For those who have yet to dip their toes into the world of high fidelity, the iFi Uno DAC/Amp combo may be an ideal introduction. Priced at $79, this little DAC might offer some impressive capabilities for folks who are looking to improve their current audio and video setup. What can you expect from iFi’s latest release?
In the Box
iFi Uno DAC
USB-A to USB-C Cable
(Note that if you’re looking to connect this device to your phone, you’ll need to buy a separate USB-C to lightning connection if you’re using an iPhone, or a USB-C to USB-C cable if using an Android.)
Look and Feel
Anyone familiar with iFi’s popular Zen DAC may notice the Uno’s similarly shaped design in miniature form. However, it is less solid with a mostly plastic shell, and is very light. Although the Uno is primarily designed as a desktop device, it’s small enough to sit in a coat pocket. The volume dial is nice and solid with a decent weight to it.
Design and Functionality
Unlike the larger, more expensive iFi Zen DAC, which sports the ultra smooth sounding, Burr-Brown DAC technology, the Uno employs an ESS Sabre Hyperstream DAC chipset. So, although it may look like the Zen DAC’s little brother, it presents a different sound quality. With respect to inputs and outputs, the Uno offers the standard 3.5mm headphone out as well as RCA. The DAC has a USB-C input, which is also used to power the device. So, if your mobile device is your music source, the DAC will be also be utilizing the device as its power source.
One advantage of this fairly priced DAC is its hi-res format capabilities. The Uno supports PCM (up to 32bit/384kHz sample rates) as well as DSD and MQA.
The Uno comes with some added functions, including three equalizer presets that are optimized for different applications – gaming, video and music. The DAC/amp also offers a power match function that ensures you have the ideal amount of power for the headphone you’re using. Another nice touch is the analogue volume control, which, unlike a digital volume control, allows you reduce the volume while maintaining quality.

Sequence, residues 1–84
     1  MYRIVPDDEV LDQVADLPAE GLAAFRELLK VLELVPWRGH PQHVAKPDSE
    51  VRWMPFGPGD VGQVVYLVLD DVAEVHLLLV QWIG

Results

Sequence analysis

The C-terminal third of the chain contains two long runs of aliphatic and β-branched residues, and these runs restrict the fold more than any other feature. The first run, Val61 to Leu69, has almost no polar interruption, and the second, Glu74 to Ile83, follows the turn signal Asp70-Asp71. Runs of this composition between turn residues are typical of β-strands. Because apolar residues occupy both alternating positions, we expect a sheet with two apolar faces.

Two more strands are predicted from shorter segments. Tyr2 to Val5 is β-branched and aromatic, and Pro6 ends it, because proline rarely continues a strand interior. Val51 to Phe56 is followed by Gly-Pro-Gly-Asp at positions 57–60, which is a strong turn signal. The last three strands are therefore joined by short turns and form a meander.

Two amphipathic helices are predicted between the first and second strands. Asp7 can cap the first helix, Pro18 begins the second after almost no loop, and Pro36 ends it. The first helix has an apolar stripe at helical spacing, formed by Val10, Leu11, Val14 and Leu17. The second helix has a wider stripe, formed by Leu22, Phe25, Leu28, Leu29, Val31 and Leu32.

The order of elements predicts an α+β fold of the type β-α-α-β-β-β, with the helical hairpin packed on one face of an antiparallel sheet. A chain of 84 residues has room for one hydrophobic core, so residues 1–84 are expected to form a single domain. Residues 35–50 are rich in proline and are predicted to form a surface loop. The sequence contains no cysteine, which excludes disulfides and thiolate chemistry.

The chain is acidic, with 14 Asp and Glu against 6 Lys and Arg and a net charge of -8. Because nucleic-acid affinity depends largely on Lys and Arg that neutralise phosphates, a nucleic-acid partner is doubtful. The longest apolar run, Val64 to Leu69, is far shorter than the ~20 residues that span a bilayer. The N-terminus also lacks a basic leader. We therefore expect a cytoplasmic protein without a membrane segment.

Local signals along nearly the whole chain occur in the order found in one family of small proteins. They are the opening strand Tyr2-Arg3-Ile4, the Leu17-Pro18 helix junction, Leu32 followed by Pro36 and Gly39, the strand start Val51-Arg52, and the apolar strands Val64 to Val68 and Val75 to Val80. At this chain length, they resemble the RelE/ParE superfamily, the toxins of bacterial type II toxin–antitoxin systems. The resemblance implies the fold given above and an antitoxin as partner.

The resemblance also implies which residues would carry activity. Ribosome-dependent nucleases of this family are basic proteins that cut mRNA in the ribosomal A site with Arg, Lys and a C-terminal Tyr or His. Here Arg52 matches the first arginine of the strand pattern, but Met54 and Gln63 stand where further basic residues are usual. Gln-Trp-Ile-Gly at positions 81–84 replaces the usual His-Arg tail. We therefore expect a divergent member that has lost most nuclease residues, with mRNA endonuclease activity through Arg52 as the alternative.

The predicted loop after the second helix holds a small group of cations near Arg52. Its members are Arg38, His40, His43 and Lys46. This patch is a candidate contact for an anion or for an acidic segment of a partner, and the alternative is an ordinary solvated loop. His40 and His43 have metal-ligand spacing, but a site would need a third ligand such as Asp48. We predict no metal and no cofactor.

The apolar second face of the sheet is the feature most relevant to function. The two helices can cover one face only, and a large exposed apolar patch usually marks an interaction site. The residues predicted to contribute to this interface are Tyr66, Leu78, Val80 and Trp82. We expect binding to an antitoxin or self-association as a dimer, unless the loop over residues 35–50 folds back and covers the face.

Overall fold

For the purpose of this test, I kept the EQ on “music” mode, but the Uno does offer slightly different characteristics depending on which one of the three equalizer settings you choose. The first thing you may notice is a wider soundstage. The Uno doesn’t do much to change the imaging, but it does add a grandness to the sound. The Uno also infuses some saturation into the overall profile. So, this DAC will work well for those looking to add some color and warmth to their sound, rather than for those who prefer an entirely neutral presentation. I didn’t hear a significant improvement to the resolution of standard Spotify tracks, but this DAC’s value lies in it’s ability to deliver hi-res formats, including MQA, which Tidal subscribers will appreciate. In terms of power, the Uno can comfortably drive a headphone of up to about 300 Ohms. However, one may want to note that there is an audible noise-floor, which becomes particularly noticeable when listening through sensitive IEMs.
Alhough the Uno may not work miracles on your standard Spotify tracks, for the price, there is little to complain about here. You won’t find a huge number of hi-res DAC/amps (that include MQA capability) of this class under $80, which can also drive relatively high impedance headphones. Add to that a power match function, equalizer presets and RCA outs, and you’ve got a nifty little device from one of the highest quality brands on the market. So, if you’ve never owned a DAC, and you’re looking to upgrade your sound, the Uno is a solid entry-level option.
You can find the iFi Uno DAC/Amp at Audio 46.